Limits...
Efficacy of primate humoral passive transfer in a murine model of pneumonic plague is mouse strain-dependent.

Graham VA, Hatch GJ, Bewley KR, Steeds K, Lansley A, Bate SR, Funnell SG - J Immunol Res (2014)

Bottom Line: New vaccines against biodefense-related and emerging pathogens are being prepared for licensure using the US Federal Drug Administration's "Animal Rule." This allows licensure of drugs and vaccines using protection data generated in animal models.A new acellular plague vaccine composed of two separate recombinant proteins (rF1 and rV) has been developed and assessed for immunogenicity in humans.Using serum obtained from human volunteers immunised with various doses of this vaccine and from immunised cynomolgus macaques, we assessed the pharmacokinetic properties of human and cynomolgus macaque IgG in BALB/c and the NIH Swiss derived Hsd:NIHS mice, respectively.

View Article: PubMed Central - PubMed

Affiliation: Microbiological Services, Public Health England, Porton Down, Salisbury, Wiltshire SP4 0JG, UK.

ABSTRACT
New vaccines against biodefense-related and emerging pathogens are being prepared for licensure using the US Federal Drug Administration's "Animal Rule." This allows licensure of drugs and vaccines using protection data generated in animal models. A new acellular plague vaccine composed of two separate recombinant proteins (rF1 and rV) has been developed and assessed for immunogenicity in humans. Using serum obtained from human volunteers immunised with various doses of this vaccine and from immunised cynomolgus macaques, we assessed the pharmacokinetic properties of human and cynomolgus macaque IgG in BALB/c and the NIH Swiss derived Hsd:NIHS mice, respectively. Using human and cynomolgus macaque serum with known ELISA antibody titres against both vaccine components, we have shown that passive immunisation of human and nonhuman primate serum provides a reproducible delay in median time to death in mice exposed to a lethal aerosol of plague. In addition, we have shown that Hsd:NIHS mice are a better model for humoral passive transfer studies than BALB/c mice.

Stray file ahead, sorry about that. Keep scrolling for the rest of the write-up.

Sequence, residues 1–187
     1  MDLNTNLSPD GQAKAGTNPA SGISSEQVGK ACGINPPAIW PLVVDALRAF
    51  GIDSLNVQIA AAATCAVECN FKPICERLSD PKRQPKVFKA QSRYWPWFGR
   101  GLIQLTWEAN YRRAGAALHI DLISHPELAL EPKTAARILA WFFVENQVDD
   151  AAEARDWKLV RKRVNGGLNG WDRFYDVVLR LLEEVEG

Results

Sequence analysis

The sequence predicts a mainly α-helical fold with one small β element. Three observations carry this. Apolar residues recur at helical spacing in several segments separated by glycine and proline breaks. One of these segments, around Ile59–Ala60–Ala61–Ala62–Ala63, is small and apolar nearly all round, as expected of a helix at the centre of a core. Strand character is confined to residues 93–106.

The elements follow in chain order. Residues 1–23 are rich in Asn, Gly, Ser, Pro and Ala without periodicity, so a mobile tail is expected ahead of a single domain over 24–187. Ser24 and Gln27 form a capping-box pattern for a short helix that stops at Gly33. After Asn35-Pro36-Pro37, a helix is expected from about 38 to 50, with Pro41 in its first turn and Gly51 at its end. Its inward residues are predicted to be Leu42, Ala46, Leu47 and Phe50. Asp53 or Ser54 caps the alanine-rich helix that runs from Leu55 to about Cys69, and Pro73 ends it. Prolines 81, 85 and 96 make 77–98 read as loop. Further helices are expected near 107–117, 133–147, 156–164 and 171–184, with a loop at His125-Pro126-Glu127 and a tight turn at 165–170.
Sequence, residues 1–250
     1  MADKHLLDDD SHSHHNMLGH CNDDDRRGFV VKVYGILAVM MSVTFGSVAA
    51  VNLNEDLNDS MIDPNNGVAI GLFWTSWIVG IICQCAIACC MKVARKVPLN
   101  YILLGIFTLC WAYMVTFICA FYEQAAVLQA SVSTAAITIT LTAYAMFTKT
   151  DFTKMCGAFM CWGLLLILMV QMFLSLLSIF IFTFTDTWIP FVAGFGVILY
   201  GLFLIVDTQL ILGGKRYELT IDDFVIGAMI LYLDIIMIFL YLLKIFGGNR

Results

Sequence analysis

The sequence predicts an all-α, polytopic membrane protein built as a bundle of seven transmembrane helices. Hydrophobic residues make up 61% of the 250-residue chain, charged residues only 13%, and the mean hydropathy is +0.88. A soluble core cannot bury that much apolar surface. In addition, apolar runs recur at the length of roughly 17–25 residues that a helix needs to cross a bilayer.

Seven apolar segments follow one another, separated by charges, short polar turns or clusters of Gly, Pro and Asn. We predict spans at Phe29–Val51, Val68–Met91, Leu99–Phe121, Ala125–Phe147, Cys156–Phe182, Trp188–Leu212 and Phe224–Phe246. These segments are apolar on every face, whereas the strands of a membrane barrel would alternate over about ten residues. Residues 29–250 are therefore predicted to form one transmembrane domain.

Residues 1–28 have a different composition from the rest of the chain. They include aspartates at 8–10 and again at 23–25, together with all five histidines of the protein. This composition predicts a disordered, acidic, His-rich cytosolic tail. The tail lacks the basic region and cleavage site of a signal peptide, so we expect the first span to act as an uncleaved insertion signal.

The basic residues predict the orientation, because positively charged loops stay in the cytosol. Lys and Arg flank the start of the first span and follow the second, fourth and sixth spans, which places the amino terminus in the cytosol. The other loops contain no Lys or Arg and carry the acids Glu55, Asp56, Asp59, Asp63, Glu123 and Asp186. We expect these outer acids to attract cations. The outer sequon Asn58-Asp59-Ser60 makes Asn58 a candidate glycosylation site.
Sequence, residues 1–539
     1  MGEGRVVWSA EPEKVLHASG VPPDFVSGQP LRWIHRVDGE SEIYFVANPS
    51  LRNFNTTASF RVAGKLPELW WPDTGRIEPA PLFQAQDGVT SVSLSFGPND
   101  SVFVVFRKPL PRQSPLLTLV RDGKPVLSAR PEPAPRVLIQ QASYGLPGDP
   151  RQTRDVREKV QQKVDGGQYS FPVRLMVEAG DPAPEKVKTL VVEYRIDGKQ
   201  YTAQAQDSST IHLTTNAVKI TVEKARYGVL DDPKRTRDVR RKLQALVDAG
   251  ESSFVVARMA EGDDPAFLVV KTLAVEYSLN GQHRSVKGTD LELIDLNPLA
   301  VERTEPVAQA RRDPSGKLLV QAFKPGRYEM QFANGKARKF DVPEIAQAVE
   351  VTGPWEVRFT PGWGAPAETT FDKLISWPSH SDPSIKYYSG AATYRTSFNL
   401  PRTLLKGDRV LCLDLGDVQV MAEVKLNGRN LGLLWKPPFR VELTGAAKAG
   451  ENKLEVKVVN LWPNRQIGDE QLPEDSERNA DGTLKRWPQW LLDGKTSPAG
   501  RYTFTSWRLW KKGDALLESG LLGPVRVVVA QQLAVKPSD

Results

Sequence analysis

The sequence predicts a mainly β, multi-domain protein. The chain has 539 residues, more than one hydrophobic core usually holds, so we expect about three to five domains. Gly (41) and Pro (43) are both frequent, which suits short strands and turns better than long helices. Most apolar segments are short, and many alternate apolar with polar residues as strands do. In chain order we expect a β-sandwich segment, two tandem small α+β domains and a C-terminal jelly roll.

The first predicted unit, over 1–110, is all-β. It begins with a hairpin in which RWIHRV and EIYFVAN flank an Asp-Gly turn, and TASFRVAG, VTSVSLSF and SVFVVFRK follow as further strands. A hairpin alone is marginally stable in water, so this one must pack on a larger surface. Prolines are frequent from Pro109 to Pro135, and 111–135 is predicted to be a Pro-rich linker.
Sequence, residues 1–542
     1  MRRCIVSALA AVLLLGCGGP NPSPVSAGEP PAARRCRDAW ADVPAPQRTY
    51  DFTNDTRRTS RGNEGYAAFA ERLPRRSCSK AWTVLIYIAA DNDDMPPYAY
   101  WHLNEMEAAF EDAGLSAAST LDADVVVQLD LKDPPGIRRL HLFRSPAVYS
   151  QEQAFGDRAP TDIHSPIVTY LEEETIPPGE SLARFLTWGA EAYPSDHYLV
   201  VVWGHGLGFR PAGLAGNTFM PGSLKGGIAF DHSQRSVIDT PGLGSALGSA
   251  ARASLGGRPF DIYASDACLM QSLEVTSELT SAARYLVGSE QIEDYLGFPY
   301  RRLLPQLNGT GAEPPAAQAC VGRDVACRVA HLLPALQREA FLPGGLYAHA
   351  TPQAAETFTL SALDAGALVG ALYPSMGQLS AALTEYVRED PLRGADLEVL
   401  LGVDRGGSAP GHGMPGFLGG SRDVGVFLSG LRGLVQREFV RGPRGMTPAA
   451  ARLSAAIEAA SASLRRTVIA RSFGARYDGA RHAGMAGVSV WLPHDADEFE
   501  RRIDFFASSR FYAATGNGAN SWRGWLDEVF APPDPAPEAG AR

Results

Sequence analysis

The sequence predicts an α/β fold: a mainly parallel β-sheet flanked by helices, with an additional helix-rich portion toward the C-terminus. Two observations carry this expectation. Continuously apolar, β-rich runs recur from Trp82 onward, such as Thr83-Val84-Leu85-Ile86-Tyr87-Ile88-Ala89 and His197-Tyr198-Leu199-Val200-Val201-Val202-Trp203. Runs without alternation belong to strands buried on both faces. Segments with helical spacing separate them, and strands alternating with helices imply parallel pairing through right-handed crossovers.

Show MeSH

Related in: MedlinePlus

Combined survival plots of 3 studies following passive therapy of mice with either nonimmune or plague vaccinated volunteer serum. Study (1), n = 6 per group, study (2), n = 10 per group, and study (3), n = 10 per group. Mice were administered 250 μL human serum into the peritoneal cavity, 3 hours before being exposed to more than 10 LD50 aerosolised Y. pestis using a modified contained Henderson apparatus. The median time to death (MTD) was calculated using a Kaplan-Meier survival plot.
© Copyright Policy - open-access
Related In: Results  -  Collection


getmorefigures.php?uid=PMC4109106&req=5

fig2: Combined survival plots of 3 studies following passive therapy of mice with either nonimmune or plague vaccinated volunteer serum. Study (1), n = 6 per group, study (2), n = 10 per group, and study (3), n = 10 per group. Mice were administered 250 μL human serum into the peritoneal cavity, 3 hours before being exposed to more than 10 LD50 aerosolised Y. pestis using a modified contained Henderson apparatus. The median time to death (MTD) was calculated using a Kaplan-Meier survival plot.

Mentions: A pool of high titre serum obtained from human volunteers that had been vaccinated with experimental recombinant plague vaccine was initially used to assess the concept that passive human antibody therapy would provide some form of protection against pneumonic plague in BALB/c mice. The combined Kaplan-Meier survival curves of three studies are presented in Figure 2. All BALB/c mice were infected three hours after intraperitoneal administration of 250 μL of either nonimmune human serum or a pool of serum from vaccinated volunteers. The serum had a significant protective effect (P < 0.001, Wilcoxon test), as defined by a delay of the median time to death (MTD) of 1 to 2 days (Table 3).